Tuesday, May 10, 2011

How To Tell You Watch Too Much TLC

Guided by our mutual adoration of chick flicks (and John Krasinski), Meaghan, Jenn, and I saw Something Borrowed.

Something Borrowed

While it did not exactly meet our lofty standards, it did teach me (and Meaghan and Jenn) something quite scary about myself.

The premise of the movie is as follows: Mousy Girl (Ginnifer Goodwin) meets Square-Headed Boy (Colin Egglesfield) in Law School, but neither makes a romantic move. Obnoxiously Self-Centred Friend (Kate Hudson) proceeds to meet and romance Square-Headed Boy and they ultimately become engaged. Alas, Mousy Girl and Square-Headed Boy profess their feelings for one another at her 30th birthday, and they wind up spending the night together. Antics ensue.

The movie then tracks the characters as they try to decide who likes whom, whether their relationships are actually real, and what their friendships mean to one another, all with the wedding looming in the background. It is this final point that words escaped my mouth that I never thought would.

At the beginning of the movie, it is revealed that Hudson and Egglesfield are getting married in 61 days. A scene later in the movie shows Hudson trying on wedding dresses. I turned to Meaghan and observed:

Your wedding is only 61 days away and you don't have a dress yet? How do you expect it to be altered in time?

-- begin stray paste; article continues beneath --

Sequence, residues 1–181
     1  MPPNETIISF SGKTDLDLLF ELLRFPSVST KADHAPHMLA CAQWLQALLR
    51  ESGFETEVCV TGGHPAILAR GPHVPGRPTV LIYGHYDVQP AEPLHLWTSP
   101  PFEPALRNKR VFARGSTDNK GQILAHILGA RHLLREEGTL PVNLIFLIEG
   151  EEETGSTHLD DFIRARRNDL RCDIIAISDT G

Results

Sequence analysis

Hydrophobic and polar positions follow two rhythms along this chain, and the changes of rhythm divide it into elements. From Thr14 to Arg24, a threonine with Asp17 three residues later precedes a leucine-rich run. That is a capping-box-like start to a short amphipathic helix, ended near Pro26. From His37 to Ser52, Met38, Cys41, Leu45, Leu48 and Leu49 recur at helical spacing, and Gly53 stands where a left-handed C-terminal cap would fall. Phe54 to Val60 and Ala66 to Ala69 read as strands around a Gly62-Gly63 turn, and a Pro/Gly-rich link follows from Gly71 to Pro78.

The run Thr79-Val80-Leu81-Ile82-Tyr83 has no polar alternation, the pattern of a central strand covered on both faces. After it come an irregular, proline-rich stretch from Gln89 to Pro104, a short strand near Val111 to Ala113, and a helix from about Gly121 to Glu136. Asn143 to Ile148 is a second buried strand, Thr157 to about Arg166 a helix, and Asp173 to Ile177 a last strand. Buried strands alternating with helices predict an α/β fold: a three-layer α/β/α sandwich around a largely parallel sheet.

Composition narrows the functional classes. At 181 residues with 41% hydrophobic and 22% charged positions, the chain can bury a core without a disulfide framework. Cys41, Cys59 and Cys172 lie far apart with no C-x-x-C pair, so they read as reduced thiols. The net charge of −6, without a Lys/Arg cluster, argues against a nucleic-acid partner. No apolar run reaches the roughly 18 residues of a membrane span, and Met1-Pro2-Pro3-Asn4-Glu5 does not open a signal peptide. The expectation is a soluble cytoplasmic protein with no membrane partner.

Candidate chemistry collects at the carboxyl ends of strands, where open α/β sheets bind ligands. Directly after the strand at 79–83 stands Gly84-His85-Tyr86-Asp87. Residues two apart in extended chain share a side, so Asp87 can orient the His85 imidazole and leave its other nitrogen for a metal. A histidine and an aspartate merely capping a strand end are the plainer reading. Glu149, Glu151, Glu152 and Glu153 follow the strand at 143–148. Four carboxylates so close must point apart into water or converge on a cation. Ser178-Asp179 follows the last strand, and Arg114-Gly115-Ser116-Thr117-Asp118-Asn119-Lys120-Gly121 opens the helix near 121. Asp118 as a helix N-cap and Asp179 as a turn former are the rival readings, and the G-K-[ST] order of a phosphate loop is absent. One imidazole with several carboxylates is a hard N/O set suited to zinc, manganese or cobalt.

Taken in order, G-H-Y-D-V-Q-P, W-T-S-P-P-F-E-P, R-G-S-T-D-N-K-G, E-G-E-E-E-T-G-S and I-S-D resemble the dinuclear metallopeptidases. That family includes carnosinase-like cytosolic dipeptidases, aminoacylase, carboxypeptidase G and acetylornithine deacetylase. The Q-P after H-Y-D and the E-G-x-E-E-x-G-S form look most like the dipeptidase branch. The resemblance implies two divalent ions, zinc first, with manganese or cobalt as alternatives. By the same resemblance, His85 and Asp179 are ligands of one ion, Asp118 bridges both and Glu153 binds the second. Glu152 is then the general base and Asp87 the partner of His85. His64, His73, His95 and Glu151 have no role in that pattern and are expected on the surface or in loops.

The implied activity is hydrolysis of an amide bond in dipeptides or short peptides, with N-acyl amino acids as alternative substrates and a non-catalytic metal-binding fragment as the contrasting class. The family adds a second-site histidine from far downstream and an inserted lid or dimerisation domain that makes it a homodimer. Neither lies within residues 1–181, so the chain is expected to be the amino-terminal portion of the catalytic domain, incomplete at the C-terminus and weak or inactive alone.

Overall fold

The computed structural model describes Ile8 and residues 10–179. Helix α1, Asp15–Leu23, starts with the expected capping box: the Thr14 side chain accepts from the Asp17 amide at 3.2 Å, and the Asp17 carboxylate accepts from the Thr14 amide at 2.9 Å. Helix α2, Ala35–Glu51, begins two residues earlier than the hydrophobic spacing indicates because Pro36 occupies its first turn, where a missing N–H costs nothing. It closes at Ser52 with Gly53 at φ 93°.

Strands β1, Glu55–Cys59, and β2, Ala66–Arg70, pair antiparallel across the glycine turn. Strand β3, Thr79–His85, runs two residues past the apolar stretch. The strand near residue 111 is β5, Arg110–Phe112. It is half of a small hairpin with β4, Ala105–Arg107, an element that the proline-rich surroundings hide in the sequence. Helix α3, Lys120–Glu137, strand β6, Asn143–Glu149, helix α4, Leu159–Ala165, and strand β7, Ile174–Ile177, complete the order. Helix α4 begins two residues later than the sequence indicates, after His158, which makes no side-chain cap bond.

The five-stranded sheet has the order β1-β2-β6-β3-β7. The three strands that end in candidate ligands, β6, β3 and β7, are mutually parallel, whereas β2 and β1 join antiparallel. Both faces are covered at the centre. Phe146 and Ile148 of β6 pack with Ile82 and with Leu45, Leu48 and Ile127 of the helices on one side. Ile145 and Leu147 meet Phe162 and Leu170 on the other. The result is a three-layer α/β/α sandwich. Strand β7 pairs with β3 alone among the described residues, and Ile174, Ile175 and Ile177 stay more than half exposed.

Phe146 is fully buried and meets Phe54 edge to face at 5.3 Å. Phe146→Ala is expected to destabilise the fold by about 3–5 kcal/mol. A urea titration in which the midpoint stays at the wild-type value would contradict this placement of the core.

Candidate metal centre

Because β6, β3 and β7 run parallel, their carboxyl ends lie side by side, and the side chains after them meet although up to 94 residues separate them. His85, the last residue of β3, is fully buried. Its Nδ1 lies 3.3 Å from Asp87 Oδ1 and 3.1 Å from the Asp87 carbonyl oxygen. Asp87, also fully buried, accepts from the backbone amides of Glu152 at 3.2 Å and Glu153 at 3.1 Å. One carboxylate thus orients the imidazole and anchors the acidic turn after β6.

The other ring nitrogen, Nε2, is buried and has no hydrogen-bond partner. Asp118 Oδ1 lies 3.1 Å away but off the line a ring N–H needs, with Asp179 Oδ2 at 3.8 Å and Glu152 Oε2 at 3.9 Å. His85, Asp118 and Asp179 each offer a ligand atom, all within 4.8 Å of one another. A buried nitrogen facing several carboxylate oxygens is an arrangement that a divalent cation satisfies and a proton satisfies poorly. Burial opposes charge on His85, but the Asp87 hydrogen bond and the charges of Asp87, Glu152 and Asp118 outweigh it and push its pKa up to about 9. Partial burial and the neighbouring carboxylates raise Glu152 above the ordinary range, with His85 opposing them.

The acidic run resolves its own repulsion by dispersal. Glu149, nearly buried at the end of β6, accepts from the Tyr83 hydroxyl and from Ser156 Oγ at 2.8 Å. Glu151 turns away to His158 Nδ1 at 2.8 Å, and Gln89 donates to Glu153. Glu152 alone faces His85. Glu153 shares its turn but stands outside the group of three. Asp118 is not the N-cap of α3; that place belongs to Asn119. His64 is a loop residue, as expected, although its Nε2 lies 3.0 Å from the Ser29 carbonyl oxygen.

Wait. What? Who said that?

There was a point later when Goodwin receives her wedding invitation. Meaghan, Jenn and I each had the same thought as we turned to one another and locked eyes:

Your wedding is now less than two months away and you're just sending out invitations NOW?

Hold on. Hold on. That's gotta be TLC speaking.

Alas, the wedding timeline goofs were simply an entertaining distraction from what was a rather lackluster romantic comedy that ends entirely incorrectly; the same can be said for John Krasinki.

Krasinski is not in the film nearly enough, but when he is, he provides an exceptional break from the tedium of Goodwin obsessing over Egglesford, Egglesford obsessing over Goodwin and Hudson, and Hudson obsessing over herself. The comic timing that has made Jim Halpert a star is on display in this film, and he says the things to the characters that the audience can only scream in their heads.

All in all, yeah, save Something Borrowed for a Tuesday1, and cancel my subscription to TLC.

1 - It is worth a viewing, if only for Krasinski's part and Goodwin's cuteness, but not for $11

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